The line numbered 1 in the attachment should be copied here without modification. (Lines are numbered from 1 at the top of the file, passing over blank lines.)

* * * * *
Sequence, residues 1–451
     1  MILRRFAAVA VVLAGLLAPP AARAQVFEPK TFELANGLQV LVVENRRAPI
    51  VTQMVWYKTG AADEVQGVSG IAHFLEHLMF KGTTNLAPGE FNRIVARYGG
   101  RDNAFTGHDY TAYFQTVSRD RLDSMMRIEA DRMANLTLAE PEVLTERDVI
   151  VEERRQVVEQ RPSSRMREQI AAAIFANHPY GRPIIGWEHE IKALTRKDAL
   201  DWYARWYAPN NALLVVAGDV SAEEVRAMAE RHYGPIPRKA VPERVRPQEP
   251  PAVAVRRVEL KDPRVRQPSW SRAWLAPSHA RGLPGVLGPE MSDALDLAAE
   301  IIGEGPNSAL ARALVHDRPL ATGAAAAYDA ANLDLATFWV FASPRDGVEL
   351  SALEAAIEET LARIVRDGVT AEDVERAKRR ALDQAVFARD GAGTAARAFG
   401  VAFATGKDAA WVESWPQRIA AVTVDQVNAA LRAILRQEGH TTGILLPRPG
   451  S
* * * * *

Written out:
Sequence, residues 1–451